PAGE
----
Sherrill vs RHB, 2010: .436/.515/.745
Sherrill vs LHB, 2010: .190/.314/.333

Yet the first batter in the 9th inning was Scott Hairston, a righty. He got a base hit. Lefty Tony Gwynn Jr. sacrificed him to second, and the Padres – who clearly had read the scouting reports – pinch-hit for Everth Cabrera with righty Oscar Salazar.

Before we go further, I just want to drive this point home:

1) The winning run is on second.
2) George Sherrill cannot get righties out.
3) George Sherrill has already allowed a hit to a righty.
4) A righty is at the plate.

At this point, you’d think – you’d pray – that Torre would have put down his Bigelow green tea and decided to do something to, you know, manage the team to a victory. Like bring in Jonathan Broxton, say.

But no. Sherrill remained in the game. Salazar bounced a grounder up the middle. And the Dodgers are further out of 1st place than they’ve been all season. And you wonder why I don’t want to see them trade for a starter. What we really need to see are losing teams who put their managers on the trade block, because that’s where the Dodgers really need an upgrade.

Sherrill didn’t really perk up much over the remainder of the season (though he did amusingly draw a walk in his first big-league at-bat), but he wasn’t completely useless, as the quote above alludes to. Even in this completely nightmarish season, Sherrill was still pretty effective against lefties, ending the year at .192/.286/.288 against them, which puts his OPS against LHP at almost exactly what Pedro Feliciano of the Mets – well-regarded as a lefty-killer – had. It doesn’t make his unholy lack of success against righties okay, of course, but it’s something.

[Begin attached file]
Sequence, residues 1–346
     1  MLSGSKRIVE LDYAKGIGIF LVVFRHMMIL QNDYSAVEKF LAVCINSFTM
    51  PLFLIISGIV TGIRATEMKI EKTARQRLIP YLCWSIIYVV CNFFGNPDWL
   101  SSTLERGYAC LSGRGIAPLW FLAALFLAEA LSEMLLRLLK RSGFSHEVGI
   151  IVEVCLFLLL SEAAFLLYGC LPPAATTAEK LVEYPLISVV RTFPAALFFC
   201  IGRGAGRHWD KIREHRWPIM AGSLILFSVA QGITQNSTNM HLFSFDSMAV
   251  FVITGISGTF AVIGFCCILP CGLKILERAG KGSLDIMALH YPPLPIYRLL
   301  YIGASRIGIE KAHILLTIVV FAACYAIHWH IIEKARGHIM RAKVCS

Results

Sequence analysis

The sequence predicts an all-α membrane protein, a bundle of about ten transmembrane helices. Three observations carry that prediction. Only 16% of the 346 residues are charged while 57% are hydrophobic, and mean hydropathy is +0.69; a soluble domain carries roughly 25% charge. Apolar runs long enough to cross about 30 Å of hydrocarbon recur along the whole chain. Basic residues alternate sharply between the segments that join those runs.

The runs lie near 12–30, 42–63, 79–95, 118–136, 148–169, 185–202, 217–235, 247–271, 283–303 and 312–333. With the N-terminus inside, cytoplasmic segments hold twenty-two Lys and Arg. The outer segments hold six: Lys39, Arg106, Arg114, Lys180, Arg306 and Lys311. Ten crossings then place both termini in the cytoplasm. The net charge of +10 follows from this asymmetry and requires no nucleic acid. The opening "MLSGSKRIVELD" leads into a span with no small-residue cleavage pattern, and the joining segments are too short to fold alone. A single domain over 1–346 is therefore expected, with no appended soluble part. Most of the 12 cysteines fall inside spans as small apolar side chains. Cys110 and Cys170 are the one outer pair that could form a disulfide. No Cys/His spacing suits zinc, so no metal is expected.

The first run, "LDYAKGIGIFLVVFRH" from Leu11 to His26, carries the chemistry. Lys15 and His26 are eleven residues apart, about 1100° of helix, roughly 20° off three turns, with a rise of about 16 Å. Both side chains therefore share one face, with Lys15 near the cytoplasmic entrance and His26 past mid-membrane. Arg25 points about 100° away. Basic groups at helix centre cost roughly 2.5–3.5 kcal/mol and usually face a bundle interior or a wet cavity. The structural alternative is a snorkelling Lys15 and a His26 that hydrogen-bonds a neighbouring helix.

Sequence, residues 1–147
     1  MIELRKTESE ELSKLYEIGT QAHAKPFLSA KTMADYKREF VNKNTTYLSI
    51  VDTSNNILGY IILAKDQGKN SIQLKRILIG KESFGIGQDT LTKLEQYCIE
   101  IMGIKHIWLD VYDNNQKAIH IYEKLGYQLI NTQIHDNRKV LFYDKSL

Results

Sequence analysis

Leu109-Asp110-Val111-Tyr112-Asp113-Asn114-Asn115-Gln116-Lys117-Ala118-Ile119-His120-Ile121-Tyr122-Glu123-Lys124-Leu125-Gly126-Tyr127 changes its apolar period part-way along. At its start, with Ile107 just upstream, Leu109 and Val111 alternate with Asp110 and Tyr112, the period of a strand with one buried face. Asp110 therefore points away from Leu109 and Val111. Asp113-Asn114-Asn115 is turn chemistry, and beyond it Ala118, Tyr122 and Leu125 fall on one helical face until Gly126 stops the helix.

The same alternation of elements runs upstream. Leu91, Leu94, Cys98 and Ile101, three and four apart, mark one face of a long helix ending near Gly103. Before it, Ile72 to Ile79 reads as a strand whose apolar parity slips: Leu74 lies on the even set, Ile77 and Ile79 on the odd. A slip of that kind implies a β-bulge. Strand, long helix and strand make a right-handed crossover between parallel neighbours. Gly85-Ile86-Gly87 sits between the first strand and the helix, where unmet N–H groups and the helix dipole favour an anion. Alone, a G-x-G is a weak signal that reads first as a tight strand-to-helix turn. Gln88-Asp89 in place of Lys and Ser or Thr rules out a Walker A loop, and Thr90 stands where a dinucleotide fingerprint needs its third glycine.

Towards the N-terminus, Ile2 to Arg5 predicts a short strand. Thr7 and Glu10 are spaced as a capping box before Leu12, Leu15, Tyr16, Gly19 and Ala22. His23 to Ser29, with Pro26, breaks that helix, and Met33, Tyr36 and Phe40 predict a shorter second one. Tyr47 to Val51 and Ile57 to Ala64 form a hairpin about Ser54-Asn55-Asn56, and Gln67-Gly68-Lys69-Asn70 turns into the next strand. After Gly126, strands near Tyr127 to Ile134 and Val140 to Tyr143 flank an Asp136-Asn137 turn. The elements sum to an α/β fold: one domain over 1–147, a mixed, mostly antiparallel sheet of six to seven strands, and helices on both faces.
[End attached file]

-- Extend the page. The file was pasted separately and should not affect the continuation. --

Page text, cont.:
The Dodgers were almost certainly not going to pick up Sherrill’s 2011 $6.5m option, an absurd amount for a non-elite reliever, even if he’d had a good season. Now? He’s the most obvious non-tender in baseball, and may be looking at minor-league deals at best for next year. 

Travis Schlichting (C+)
3.57 ERA, 3.17 FIP, 5.6 K/9, 4.0 BB/9, 0.2 WAR

Mr. Schlichting managed to run his season in reverse. That is, he was more successful in the majors (1.324 WHIP, 7.9 H/9) than in the minors (1.437 WHIP, 10.5 H/9), despite going back and forth four times.